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Tantech Holdings Ltd (NASDAQ:TANH) trades with a trailing P/E of 22.9x, which is higher than the industry average of 17.8x. While this makes TANH appear like a stock to avoid or sell if you own it, you might change your mind after I explain the assumptions behind the P/E ratio. Today, I will break down what the P/E ratio is, how to interpret it and what to watch out for. Check out our latest analysis for Tantech Holdings
Demystifying the P/E ratio
A common ratio used for relative valuation is the P/E ratio. By comparing a stock’s price per share to its earnings per share, we are able to see how much investors are paying for each dollar of the company’s earnings.
P/E Calculation for TANH
Price-Earnings Ratio = Price per share ÷ Earnings per share
TANH Price-Earnings Ratio = $3.29 ÷ $0.144 = 22.9x
The P/E ratio itself doesn’t tell you a lot; however, it becomes very insightful when you compare it with other similar companies. Our goal is to compare the stock’s P/E ratio to the average of companies that have similar attributes to TANH, such as company lifetime and products sold. One way of gathering a peer group is to use firms in the same industry, which is what I’ll do. TANH’s P/E of 22.9x is higher than its industry peers (17.8x), which implies that each dollar of TANH’s earnings is being overvalued by investors. As such, our analysis shows that TANH represents an over-priced stock.
A few caveats
Before you jump to the conclusion that TANH should be banished from your portfolio, it is important to realise that our conclusion rests on two assertions. Firstly, our peer group contains companies that are similar to TANH. If this isn’t the case, the difference in P/E could be due to other factors. For example, if you compared higher growth firms with TANH, then its P/E would naturally be lower since investors would reward its peers’ higher growth with a higher price. The second assumption that must hold true is that the stocks we are comparing TANH to are fairly valued by the market. If this is violated, TANH’s P/E may be lower than its peers as they are actually overvalued by investors.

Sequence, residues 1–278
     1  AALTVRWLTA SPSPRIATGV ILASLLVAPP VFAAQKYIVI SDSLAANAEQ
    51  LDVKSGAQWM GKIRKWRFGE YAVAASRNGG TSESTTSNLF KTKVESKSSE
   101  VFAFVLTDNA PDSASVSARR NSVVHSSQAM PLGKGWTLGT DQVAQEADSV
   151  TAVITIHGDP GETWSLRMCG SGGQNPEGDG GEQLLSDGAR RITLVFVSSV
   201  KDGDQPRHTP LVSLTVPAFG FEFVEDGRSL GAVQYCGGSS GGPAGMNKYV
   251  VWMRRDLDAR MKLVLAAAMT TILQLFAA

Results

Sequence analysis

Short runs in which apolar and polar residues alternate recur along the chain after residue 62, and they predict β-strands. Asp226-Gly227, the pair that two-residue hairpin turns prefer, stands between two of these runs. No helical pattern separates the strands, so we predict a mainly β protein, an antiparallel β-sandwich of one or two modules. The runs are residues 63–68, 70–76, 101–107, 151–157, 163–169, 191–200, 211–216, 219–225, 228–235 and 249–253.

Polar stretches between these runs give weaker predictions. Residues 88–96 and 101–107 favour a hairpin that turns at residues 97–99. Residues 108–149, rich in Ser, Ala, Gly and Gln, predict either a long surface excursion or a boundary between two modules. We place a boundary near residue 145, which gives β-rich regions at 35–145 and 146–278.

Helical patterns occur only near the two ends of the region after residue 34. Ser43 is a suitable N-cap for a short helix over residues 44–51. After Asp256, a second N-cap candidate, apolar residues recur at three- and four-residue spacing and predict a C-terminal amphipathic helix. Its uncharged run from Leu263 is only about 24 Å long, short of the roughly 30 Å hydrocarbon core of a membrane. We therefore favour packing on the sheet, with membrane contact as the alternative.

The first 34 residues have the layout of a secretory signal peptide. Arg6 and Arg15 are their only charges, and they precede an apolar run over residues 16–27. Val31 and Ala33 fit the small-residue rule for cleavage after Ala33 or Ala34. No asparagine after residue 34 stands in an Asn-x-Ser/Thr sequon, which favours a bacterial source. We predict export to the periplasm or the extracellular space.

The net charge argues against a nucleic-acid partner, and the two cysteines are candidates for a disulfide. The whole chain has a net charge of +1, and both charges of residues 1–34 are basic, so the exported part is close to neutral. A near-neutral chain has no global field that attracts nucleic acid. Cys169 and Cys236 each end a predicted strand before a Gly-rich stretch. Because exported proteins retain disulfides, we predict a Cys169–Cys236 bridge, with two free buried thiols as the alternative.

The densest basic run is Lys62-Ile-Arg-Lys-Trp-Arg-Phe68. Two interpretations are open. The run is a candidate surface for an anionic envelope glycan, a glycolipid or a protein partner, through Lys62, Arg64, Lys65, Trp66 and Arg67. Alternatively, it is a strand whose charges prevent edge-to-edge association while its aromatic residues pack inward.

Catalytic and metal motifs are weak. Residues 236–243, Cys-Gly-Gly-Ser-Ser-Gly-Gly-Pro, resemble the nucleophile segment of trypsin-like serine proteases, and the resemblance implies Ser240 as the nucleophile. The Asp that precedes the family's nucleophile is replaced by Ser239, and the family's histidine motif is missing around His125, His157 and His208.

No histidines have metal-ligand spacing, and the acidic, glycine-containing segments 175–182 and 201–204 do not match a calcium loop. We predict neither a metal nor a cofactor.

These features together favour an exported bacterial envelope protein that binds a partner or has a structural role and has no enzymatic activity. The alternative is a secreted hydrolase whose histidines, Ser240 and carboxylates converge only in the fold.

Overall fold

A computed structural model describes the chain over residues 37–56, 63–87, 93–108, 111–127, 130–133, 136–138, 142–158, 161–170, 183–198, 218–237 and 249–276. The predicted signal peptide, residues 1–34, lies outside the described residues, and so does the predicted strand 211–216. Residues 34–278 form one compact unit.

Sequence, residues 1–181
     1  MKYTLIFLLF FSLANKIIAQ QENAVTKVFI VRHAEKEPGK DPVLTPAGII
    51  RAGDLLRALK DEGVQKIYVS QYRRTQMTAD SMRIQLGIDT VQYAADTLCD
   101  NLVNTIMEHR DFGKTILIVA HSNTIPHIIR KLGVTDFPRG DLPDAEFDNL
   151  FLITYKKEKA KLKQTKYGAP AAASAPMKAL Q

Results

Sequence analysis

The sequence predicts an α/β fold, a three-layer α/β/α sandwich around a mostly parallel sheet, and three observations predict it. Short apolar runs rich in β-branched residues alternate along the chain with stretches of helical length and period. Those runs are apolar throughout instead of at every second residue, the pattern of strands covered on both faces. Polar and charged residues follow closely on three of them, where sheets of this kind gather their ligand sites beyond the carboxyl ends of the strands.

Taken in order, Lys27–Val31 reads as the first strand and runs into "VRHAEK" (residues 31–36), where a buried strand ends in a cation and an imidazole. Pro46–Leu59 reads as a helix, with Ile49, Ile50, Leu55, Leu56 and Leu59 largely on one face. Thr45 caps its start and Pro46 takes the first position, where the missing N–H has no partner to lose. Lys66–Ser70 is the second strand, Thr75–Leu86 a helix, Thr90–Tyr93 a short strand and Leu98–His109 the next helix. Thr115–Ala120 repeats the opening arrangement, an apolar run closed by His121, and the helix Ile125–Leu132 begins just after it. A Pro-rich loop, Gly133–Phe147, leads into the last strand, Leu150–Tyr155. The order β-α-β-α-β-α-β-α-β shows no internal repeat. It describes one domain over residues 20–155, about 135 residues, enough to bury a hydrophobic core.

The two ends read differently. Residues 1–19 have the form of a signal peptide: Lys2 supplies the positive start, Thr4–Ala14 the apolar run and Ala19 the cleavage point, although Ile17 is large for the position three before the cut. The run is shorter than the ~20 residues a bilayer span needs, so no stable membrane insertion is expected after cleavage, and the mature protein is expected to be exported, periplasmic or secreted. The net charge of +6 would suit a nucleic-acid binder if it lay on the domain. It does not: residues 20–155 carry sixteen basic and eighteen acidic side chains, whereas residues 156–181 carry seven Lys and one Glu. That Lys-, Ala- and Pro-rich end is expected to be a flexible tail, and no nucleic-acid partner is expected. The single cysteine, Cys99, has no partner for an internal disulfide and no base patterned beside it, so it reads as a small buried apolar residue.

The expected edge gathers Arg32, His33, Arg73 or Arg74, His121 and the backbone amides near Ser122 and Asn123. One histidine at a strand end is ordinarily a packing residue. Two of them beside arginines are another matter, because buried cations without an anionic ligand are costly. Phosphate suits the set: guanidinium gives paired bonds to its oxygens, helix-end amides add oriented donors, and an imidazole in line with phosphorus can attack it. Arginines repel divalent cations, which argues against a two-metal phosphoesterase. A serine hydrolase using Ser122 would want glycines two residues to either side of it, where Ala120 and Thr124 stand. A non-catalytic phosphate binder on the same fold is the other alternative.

What this means for you:
You may have already conducted fundamental analysis on the stock as a shareholder, so its current overvaluation could signal a potential selling opportunity to reduce your exposure to TANH. Now that you understand the ins and outs of the PE metric, you should know to bear in mind its limitations before you make an investment decision. Remember that basing your investment decision off one metric alone is certainly not sufficient. There are many things I have not taken into account in this article and the PE ratio is very one-dimensional. If you have not done so already, I highly recommend you to complete your research by taking a look at the following:
Financial Health: Is TANH’s operations financially sustainable? Balance sheets can be hard to analyze, which is why we’ve done it for you. Check out our financial health checks here.
Past Track Record: Has TANH been consistently performing well irrespective of the ups and downs in the market? Go into more detail in the past performance analysis and take a look at the free visual representations of TANH’s historicals for more clarity.
Other High-Performing Stocks: Are there other stocks that provide better prospects with proven track records? Explore our free list of these great stocks here.
To help readers see pass the short term volatility of the financial market, we aim to bring you a long-term focused research analysis purely driven by fundamental data. Note that our analysis does not factor in the latest price sensitive company announcements.
The author is an independent contributor and at the time of publication had no position in the stocks mentioned.